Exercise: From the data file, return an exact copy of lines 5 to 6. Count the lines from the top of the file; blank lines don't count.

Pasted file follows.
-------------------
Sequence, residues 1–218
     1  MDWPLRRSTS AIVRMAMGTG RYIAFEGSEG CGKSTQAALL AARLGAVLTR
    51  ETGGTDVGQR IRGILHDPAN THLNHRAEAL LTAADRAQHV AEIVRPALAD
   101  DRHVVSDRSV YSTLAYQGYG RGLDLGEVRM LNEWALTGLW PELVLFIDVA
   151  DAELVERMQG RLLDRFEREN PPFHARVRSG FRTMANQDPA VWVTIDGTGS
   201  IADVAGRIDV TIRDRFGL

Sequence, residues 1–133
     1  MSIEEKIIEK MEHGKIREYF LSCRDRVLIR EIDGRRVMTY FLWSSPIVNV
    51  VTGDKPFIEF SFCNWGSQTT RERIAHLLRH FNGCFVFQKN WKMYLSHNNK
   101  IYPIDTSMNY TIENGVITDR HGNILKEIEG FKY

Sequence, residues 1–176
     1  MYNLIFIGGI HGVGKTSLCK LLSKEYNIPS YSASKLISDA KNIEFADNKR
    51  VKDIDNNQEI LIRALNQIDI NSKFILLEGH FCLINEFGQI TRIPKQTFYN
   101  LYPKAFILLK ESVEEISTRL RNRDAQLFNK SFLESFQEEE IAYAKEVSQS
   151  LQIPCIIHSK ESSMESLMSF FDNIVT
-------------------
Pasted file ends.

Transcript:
   151  DAELVERMQG RLLDRFEREN PPFHARVRSG FRTMANQDPA VWVTIDGTGS
   201  IADVAGRIDV TIRDRFGL